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Medical Ethics: 20 April. Nicole's point, one more time.
How I took Nicole's pointIn Monday's class, I treated Nicole's point as a challenge.
I wanted to grant what Marquis said about (10) but deny what he said about (9).
Contraception blocks the existence of the being in (10) (the sperm and ovum together). Marquis said his argument does not commit him to saying that this is illegitmate and I agreed.
Nicole's point questioned whether the two cases were really distinct. After all, the beings in (9) do not really have a future for just the same reason that the being in (10) doesn't really exist: successful contraception would prevent the beings' future (9) or the being's existence (10).
Read all about it, if you like.
How Nicole meant Nicole's pointNicole originally made her point for a different reason, however, and I just figured out how to express it this morning.
Nicole was making an objection against Marquis that went something like this.
(1) According to Marquis, depriving a being of a valuable future is morally wrong.
(2) If it were morally wrong to deprive a being of a valuable future, then it would be equally wrong to prevent a being from coming into existence.
(3) Contraception prevents beings from coming into existence.
(4) So, if Marquis were right about (1), contraception would be morally wrong.
(5) But contraception isn't morally wrong.
(6) So, it must not be morally wrong to deprive a being of a valuable future.
Hey, that's a good argument! How could I have missed it? Lesson: listening to others is hard and we all get tunnel vision when we're thinking about our own arguments.
Anyway, the crucial premise is (2). To make Nicole's objection work, one would have to force Marquis to admit that depriving a being of existence is morally equivalent to depriving a being that already exists of the future that it would otherwise have.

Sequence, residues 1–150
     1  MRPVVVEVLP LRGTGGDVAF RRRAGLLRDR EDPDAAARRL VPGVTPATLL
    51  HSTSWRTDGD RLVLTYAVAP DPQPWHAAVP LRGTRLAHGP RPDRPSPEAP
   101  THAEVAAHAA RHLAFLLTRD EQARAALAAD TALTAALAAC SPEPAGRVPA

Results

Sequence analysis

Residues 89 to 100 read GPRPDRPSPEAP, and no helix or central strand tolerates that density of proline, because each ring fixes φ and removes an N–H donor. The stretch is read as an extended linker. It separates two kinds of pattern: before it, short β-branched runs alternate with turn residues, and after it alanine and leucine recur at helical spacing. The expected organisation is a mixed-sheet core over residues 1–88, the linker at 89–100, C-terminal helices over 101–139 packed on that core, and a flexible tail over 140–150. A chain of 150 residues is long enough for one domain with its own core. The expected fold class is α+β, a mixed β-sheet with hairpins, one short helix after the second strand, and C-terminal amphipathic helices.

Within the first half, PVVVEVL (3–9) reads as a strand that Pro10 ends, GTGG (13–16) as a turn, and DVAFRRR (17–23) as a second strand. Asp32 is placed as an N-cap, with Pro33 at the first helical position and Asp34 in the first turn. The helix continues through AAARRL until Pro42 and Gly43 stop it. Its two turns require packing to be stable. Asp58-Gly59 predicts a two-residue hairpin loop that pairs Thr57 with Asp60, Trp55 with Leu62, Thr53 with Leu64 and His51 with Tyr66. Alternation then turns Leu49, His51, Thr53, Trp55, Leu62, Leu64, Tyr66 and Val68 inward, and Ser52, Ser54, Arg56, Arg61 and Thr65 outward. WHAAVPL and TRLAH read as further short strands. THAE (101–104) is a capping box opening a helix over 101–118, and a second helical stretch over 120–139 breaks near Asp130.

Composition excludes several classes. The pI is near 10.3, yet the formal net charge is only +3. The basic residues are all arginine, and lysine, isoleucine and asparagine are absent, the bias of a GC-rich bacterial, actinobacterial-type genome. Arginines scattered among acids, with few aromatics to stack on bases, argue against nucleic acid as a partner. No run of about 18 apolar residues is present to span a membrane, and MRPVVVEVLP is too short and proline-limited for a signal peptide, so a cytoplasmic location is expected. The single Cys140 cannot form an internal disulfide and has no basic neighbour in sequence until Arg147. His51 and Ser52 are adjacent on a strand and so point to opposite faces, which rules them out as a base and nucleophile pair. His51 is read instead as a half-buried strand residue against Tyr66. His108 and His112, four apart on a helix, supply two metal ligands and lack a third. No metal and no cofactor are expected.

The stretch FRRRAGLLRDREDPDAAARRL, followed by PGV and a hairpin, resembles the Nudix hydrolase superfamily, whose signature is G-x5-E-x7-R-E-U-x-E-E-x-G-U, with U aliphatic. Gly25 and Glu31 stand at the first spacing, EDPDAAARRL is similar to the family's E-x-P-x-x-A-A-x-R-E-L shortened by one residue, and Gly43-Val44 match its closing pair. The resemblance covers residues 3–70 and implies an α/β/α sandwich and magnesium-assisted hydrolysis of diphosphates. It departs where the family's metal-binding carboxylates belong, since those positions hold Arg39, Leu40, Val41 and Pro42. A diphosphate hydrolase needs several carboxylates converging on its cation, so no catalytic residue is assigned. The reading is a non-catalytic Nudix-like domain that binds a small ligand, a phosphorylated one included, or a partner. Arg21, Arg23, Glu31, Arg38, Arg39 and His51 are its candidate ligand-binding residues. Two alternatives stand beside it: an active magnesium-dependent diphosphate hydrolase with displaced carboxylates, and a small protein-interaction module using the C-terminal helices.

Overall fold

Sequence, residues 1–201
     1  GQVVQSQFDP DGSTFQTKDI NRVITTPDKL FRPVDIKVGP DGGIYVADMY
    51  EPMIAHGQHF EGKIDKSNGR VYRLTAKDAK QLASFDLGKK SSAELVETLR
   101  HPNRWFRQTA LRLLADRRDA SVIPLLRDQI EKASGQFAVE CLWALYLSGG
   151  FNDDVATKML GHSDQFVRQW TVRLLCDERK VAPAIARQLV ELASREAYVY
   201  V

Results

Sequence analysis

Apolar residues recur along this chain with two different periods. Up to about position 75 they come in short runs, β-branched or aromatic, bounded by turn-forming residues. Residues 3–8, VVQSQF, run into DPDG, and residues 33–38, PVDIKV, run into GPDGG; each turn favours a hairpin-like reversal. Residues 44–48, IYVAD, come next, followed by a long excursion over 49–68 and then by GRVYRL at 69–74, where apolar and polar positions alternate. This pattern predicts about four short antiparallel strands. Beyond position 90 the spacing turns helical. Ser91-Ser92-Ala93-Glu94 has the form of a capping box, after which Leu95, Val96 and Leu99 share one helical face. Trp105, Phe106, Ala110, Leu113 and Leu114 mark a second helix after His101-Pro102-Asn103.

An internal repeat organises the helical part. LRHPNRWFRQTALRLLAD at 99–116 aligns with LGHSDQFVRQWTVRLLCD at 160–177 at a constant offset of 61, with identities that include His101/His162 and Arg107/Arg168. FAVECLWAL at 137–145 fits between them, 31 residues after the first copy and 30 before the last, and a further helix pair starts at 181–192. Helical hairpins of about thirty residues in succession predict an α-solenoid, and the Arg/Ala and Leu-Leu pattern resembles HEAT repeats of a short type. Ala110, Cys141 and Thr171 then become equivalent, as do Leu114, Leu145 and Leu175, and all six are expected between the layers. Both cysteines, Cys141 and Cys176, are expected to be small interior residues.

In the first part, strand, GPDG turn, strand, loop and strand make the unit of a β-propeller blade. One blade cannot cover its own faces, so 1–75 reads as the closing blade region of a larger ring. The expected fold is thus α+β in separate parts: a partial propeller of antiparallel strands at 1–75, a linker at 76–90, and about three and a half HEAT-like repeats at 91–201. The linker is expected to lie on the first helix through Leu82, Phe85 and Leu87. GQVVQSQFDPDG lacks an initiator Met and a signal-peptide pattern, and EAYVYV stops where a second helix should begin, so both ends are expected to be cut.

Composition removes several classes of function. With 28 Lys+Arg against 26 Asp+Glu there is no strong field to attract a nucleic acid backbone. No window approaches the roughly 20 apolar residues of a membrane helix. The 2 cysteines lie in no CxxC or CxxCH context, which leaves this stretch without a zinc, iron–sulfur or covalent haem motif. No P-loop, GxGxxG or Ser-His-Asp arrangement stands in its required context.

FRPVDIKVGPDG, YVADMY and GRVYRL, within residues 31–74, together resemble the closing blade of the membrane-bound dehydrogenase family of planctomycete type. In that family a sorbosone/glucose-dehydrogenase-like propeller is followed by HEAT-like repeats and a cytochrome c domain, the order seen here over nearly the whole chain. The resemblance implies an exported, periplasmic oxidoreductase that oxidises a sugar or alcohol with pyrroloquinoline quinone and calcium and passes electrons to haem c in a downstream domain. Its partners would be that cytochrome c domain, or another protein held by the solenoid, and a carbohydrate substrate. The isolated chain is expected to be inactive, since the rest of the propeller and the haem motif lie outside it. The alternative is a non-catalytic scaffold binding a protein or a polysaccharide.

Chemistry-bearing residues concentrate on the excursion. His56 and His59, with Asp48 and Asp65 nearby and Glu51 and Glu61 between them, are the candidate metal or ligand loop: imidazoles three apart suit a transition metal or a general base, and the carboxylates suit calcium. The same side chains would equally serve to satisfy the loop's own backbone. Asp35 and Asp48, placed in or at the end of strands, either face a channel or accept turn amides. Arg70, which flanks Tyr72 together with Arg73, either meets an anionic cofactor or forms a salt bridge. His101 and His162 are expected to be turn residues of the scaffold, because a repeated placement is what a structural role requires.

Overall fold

Suppose we did show that depriving a being of existence is morally equivalent to depriving a being that already exists of the future it would otherwise have.
Would this undercut the original argument? We've been assuming there's a large moral difference between contraception and killing: we've assumed that the former is morally acceptable and the latter isn't. The contraception objection is an attempt to force Marquis into denying this apparently obvious difference. If he has to deny that there is a difference, the thought goes, he must be wrong.
In arguing that Marquis is committed to saying that the two are morally equivalent, make sure you don't use examples that imply he's right about why killing is wrong. If you do that, you will step all over your conclusion: you're trying to show that the apparently absurd conclusion that contraception is wrong shows that he's wrong about why killing is wrong. If he's right about why killing is wrong, and killing and contraception are on the same moral footing, then we have to admit that contraception is wrong!
Of course, you might think that contraception is wrong. In that case, go ahead and gleefully argue that contraception and killing are equally wrong for the same reasons. The previous paragraph is advice those who want to make the contraception objection to Marquis's theory work.
Why am I bothering with this obvious seeming advice? Because even the pros can stumble. If you want to see one undercut his argument in just the way I've been warning you about, check out: Alastair Norcross, "Killing, Abortion, and Contraception: A Reply to Marquis" Journal of Philosophy 87 (1990), esp. pp. 271-277.
This page was originally posted on 4/24/98; 2:00:02 PM and was last built on 4/24/98; 2:00:06 PM with BBEdit and Frontier 5 on a Macintosh running System 8.0.